How do you feel when your home is a complete mess? Clothes and shoes are thrown all over the place, and you can never find the exact document or item you need. Chaos makes you unfocused and unsettled. There’s a consistent thought at the back of your mind: “I have to clean up and organize my space.” This thought won’t leave you alone until you finally do it.
We feel the same way when we have to organize desktop icons. The clutter on the desktop makes us slower in our work. Plus, it clogs the computer’s memory and makes the machine slower over time.
Macs have a reputation for being extremely efficient. But maintaining that efficiency depends on us. You need to set up a system on how to organize folders on Mac desktop and follow it religiously. If you want to find detailed tips on how to organize files on the computer, you can try here. Setapp has an extensive guide that teaches you how to establish an organizational method. In this article, we’ll focus on simpler, brief tips that still work.
Tips: How to Organize Folders on Mac Desktop
Create Folders by a System
The best way to organize computer files is to have a system, which will work for your own needs. Start by placing all files into a single folder. This will create white space, so you can proceed with the next step.
Take a look at all the files and folders that you kept on your desktop. What categories could you put them in? For example, you may have professional photographs, personal photos, bank statements, text documents for work, PDF files, and so on. Create folders in accordance with these categories of files.
Name the folders with brief, descriptive terms. You should know what’s in it the moment you lay eyes on it. Now, open that mess of a folder. Take the files one by one, and place them into the right desktop folders.
During this process, you’ll need to get rid of some of the files you don’t use. Duplicate photos, old documents, useless recipes… there’s no need to hold onto these things.
Organize Folders Within the Folders
When wondering how to organize folders on the Mac desktop, you should go further than the simple system mentioned above.
If you open a large folder, you’ll notice that there’s still a complete mess inside. This doesn’t make finding the right files easier, so you need to do something about it.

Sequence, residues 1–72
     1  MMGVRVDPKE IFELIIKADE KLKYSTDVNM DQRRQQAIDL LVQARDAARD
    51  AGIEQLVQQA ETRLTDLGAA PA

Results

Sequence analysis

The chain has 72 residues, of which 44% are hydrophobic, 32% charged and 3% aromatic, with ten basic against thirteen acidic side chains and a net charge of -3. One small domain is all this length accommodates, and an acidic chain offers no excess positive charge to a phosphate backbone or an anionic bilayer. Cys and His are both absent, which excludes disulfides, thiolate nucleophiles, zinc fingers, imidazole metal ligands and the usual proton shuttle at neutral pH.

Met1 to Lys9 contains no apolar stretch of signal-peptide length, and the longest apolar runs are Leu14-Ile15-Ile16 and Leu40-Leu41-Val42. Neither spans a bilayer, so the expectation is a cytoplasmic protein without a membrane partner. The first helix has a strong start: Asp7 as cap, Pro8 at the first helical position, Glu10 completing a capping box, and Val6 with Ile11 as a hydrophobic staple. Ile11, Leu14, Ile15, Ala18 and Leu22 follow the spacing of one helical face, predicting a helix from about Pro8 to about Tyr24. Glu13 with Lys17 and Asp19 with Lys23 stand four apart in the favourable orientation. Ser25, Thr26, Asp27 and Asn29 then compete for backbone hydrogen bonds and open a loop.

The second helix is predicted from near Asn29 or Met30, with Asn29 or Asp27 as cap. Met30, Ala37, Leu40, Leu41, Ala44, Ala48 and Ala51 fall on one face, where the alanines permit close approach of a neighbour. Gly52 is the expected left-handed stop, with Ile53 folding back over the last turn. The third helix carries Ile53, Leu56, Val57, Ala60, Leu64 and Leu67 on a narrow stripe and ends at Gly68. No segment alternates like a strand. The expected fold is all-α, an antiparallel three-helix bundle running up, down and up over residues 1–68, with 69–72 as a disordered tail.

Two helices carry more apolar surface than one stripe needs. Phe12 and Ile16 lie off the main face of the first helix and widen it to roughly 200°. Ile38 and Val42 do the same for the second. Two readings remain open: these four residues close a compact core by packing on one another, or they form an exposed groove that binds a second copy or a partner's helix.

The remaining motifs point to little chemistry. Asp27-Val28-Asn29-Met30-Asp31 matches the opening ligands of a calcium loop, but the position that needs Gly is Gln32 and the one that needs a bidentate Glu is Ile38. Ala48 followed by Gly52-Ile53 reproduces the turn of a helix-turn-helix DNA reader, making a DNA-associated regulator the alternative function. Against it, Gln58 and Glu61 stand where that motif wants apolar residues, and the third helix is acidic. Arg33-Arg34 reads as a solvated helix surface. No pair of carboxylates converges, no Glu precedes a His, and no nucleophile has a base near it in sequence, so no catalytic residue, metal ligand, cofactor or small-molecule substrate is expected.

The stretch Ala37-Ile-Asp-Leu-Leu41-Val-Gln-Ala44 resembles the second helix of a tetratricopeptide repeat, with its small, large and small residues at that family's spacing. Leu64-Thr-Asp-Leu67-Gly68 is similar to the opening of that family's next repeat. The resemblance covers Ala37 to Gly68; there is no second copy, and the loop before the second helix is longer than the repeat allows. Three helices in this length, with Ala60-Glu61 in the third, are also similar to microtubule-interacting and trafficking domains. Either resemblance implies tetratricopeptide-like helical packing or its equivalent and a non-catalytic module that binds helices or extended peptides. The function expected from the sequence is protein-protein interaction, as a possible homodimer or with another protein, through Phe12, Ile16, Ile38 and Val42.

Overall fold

Create new folders within that major section. You can use a chronological system and organize the files by month and year. You can also create mini-categories.
If you have a large folder named Photos, you can section it by adding smaller folders: family photos, dog photos, nature photos, vacation photos, night photos, and so on. Then, you can create a system within those sections, too. It’s a good idea to use months and years in this case.
Name the files, too. You don’t have to do this with photographs; the file names are not important in that case. But if you work with text documents or PDF files, naming each individual file is essential to your effectiveness.
Hide the Folders You Don’t Use Often
Do you really need a folder named “Documents” or “Photos” on your desktop when you can find these files in your Mac anyway?
In Finder, there’s a designated section to Documents. You have an app for your photos, and they will all be there when you need them. You can organize the files in these destinations, but there’s absolutely no need to keep icons on the desktop.
This is the main rule on how to organize folders on Mac desktop: stick to the bare minimum. The fewer items there are, the more organized space will be.
Finder and Siri are extremely helpful in finding the right documents whenever you need them. There’s no need to keep everything on the desktop so you can see it.
Tags are colorful labels, which serve an organizational purpose. You don’t need to use colors for every single document, but you can tag the most important ones.
It makes sense to label your urgent work with red and the completed work with green, doesn’t it? When you open the folder and see a red tag, you’ll know it’s something that asks for your immediate attention.
Invest in Cloud Storage
Apple has an impeccable cloud storage service. It will keep all your files safe and accessible from any device.
But if you don’t invest in a package, you’ll soon run out of space on the cloud. The bad news is that you don’t get new storage space with each new device. If you use the same Apple ID for your MacBook, you’ll have the same iCloud space that’s already cluttered from your phone and tablet.
The good news is that iCloud plans are not expensive. You get 50 GB of storage for $0.99 per month.
Dropbox is another option; it costs $9.99 per month for 2 TB of storage.
When you get enough space on the cloud, you can clean up your desktop by moving all your files there. If you learned how to organize desktop, use the same system to keep your iCloud neat as well.
Maintain the Order
Setting up an organized system for your files and folders is easy. However, the process takes time and focus. You’ll need to set at least a few hours of your time for creating the system and organizing all your stuff in it. After investing all that time figuring out how to organize files on a computer, it’s easy to go back to your old habits. You’ll start placing random files on your desktop, with the thought that you’ll handle them later. But that later never comes, so you end up with a new clutter before you know it.
Don’t let that happen!
Now that you have the system, it’s easy to keep things in order. Whenever you create a new file, find its place, and keep it there.